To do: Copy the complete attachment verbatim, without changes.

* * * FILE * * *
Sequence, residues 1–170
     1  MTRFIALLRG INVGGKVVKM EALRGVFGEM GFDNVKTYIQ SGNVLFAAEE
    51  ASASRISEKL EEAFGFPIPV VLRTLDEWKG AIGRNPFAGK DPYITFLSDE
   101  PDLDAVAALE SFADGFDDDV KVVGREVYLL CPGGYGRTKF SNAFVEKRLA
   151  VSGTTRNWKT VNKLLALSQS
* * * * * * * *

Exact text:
Sequence, residues 1–170
     1  MTRFIALLRG INVGGKVVKM EALRGVFGEM GFDNVKTYIQ SGNVLFAAEE
    51  ASASRISEKL EEAFGFPIPV VLRTLDEWKG AIGRNPFAGK DPYITFLSDE
   101  PDLDAVAALE SFADGFDDDV KVVGREVYLL CPGGYGRTKF SNAFVEKRLA
   151  VSGTTRNWKT VNKLLALSQS